Hubble Protocol's Second Stress Test: An FTX Retrospective

November presented another major stress test for Hubble to pass. This report provides details on how the protocol minimized the impact of the FTX fallout.

Note: This article is not financial advice. Hubble Protocl does not endorse any tokens or platforms mentioned in this article.

Important Information

  • USDH remains pegged and backed by collateral.
  • No toxic assets, no bad debt, no significant losses
  • Hubble’s smart contracts passed a second major stress test.

Nearly half a year to the day Terra collapsed, Hubble Protocol and the decentralized finance (DeFi) community were forced to navigate through another black swan. The protocol is proud to say that Hubble and USDH remain fundamentally unaffected by the volatility and uncertainty of the last week, and both the platform and its stablecoin remain solvent.

Throughout the event, the Hubble community maintained solid contact with users with updates on every social media channel available, and around 50 support tickets have been closed since the 7th. This retrospective hopes to enhance the transparency around Hubble’s second major stress test.

Pausing USDH Borrowing and Raising Withdrawal Caps Helped Users Derisk Early

As the FTX situation escalated, markets responded with extreme volatility. On November 9, Hubble began suspending deposits and borrowing on FTX/Alameda-related assets such as soBTC, FTT, and SRM. Due to oracle issues, further deposits and borrowing were disabled for all assets shortly thereafter.

Users were able to repay their loans and withdraw assets. Many users had difficulty partially repaying their loans to remove some collateral as oracles were failing; however, all users who repaid their USDH loans 100% were able to withdraw collateral 100%, since full repayment bypassed checks on oracle prices.

Adjustments made after Hubble’s first stress test in May ensured that users were able to repay their loans and withdraw their collateral during high volatility. Withdrawal caps were raised to help facilitate the unusual amount of activity, and the protocol repeatedly informed users to derisk their positions.

Hubble Quickly Limited Exposure to Two Toxic Assets

The bankruptcy announcement from FTX, FTX US, and Alameda meant that Hubble was exposed to two toxic assets: soBTC and SRM. Each of these assets accounted for a substantial portion of Hubble’s collateral, and the protocol managed to eliminate exposure to both tokens without incurring significant bad debt.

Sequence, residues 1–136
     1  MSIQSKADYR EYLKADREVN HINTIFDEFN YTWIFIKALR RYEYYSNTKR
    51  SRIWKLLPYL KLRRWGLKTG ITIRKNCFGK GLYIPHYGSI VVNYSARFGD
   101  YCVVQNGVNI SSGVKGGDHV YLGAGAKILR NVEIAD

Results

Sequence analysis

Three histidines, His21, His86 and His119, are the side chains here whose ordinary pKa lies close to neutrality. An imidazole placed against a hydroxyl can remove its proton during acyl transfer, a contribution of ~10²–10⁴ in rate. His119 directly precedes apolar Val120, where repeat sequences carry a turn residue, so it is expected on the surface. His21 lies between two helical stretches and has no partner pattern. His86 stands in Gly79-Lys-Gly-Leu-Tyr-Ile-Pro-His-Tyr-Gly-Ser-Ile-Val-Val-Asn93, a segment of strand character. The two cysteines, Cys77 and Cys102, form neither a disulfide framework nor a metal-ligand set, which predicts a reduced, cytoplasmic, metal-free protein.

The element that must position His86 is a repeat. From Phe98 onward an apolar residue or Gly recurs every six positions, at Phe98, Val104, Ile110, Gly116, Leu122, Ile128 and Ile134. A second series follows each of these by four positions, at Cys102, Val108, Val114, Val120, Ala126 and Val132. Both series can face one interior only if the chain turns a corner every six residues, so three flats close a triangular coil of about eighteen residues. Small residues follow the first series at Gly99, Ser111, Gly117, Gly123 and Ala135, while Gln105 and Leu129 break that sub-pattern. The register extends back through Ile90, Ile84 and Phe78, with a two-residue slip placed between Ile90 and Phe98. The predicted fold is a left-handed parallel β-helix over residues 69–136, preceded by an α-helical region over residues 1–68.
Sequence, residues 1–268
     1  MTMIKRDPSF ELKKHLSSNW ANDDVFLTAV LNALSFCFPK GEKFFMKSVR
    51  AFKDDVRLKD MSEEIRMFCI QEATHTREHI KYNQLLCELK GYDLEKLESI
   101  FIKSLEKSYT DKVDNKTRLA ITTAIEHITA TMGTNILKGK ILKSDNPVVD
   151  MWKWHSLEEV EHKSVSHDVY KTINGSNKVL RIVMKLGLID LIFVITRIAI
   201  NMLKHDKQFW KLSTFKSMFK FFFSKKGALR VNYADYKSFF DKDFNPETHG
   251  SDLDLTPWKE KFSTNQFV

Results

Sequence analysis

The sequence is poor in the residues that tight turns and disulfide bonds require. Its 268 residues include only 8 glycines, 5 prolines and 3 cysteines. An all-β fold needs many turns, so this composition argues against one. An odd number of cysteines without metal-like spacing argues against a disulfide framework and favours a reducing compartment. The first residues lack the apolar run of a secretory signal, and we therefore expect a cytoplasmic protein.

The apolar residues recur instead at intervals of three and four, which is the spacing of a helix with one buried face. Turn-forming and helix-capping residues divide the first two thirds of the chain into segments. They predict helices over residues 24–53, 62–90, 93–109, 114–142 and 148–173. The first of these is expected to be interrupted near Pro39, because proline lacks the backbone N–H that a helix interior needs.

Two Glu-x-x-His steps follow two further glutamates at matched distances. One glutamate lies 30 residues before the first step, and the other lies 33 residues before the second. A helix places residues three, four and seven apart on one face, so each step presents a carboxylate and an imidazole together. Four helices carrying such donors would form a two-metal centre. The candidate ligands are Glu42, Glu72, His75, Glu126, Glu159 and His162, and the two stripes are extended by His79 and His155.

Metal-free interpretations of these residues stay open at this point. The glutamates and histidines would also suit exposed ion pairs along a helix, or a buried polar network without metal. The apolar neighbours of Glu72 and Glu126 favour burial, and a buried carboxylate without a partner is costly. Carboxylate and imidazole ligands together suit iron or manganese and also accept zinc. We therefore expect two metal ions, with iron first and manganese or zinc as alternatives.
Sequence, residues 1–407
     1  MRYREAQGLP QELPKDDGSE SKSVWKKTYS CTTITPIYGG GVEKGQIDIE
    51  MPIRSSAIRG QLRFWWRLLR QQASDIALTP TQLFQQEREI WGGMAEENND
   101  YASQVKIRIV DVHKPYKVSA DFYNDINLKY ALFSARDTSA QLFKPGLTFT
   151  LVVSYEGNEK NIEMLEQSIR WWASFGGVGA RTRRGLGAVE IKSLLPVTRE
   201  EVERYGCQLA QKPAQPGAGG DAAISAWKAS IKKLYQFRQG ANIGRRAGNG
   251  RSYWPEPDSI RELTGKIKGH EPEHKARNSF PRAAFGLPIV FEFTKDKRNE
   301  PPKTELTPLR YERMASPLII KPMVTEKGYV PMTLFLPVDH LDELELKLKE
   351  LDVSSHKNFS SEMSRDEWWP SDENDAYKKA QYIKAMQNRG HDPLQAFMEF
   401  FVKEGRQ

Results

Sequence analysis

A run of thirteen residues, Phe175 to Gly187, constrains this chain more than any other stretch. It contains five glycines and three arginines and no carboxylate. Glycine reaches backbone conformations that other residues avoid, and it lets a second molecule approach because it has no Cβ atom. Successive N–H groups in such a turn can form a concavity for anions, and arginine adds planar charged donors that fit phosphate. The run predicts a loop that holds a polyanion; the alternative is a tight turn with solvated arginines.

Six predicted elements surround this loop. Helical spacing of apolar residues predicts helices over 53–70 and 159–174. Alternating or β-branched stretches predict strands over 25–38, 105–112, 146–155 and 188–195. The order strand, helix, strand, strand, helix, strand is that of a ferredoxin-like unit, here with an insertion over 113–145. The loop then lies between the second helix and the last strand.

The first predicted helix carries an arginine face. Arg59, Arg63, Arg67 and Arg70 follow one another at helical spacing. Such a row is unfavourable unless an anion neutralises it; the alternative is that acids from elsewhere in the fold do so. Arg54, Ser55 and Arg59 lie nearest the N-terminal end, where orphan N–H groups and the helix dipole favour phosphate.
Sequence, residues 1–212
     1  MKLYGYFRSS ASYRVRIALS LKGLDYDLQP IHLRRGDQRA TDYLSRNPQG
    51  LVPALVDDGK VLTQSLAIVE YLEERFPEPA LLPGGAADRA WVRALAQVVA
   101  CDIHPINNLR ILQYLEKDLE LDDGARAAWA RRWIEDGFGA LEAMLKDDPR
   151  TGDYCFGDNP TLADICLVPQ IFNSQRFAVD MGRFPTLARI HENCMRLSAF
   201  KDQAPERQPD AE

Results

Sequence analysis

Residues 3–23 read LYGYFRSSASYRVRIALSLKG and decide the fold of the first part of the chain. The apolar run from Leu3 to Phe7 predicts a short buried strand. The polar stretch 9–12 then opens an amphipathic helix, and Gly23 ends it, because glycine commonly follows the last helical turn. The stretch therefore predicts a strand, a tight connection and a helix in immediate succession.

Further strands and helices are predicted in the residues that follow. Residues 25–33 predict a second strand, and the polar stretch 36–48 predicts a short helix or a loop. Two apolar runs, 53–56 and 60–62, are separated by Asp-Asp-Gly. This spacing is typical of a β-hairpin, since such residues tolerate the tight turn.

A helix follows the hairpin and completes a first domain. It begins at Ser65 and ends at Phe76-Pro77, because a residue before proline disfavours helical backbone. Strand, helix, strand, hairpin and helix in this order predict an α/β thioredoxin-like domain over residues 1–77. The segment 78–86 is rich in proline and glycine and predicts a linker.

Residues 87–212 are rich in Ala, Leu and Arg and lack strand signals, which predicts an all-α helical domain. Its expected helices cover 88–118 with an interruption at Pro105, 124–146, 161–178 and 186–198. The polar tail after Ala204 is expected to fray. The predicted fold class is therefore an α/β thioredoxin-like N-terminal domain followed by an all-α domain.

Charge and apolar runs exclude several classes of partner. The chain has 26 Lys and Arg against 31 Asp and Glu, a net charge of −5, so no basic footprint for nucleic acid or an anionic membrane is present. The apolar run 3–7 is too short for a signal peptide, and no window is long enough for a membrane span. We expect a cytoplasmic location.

The BTC accepted as collateral on Hubble was soBTC, which was wrapped by FTX. As soon as FTX announced bankruptcy, soBTC depegged from the market price of native BTC. The token became illiquid on-chain, and the closure of all FTX markets meant soBTC couldn’t be unwrapped for BTC in reserves.


SRM was considered a toxic asset for several reasons, including low liquidity, and high expected volatility due to being part of Alameda/FTX’s balance sheet, as both were liquidating their positions across the board.

In addition, SRM had been issued by Project Serum, which turned out to be a program deployed on Solana with a single signer (no multisig) and uncertainty about its future. At the same time, the Solana community deprecated Serum entirely and started using OpenBook, making SRM a redundant token.

Derisking soBTC and SRM

Multiple announcements were made that the oracle for BTC on Hubble would be changed for one that reported prices on-chain, which would liquidate many accounts with BTC as collateral.

Around three dozen BTC were redeemed at chain value, with proportionate USDH debt burned, to reduce liquidations while removing all exposure to soBTC.

As liquidations and redistributions went through, some users received soBTC-related debt, but this outcome was reversed.

During this time, the wallet that borrowed against 20 million SRM tokens withdrew USDH from the Stability Vault and repaid most of its loan, leaving around $300k in debt and the total deposit of SRM.

When the SRM oracle was updated to query prices for on-chain liquidity, the SRM whale account was redeemed. No users received SRM debt from this position.

In the end, all soBTC and SRM were redeemed or liquidated with no net loss to the protocol or its users stemming directly from these assets being held.

Hubble Consistently Evaluates and Implements Risk Management Improvements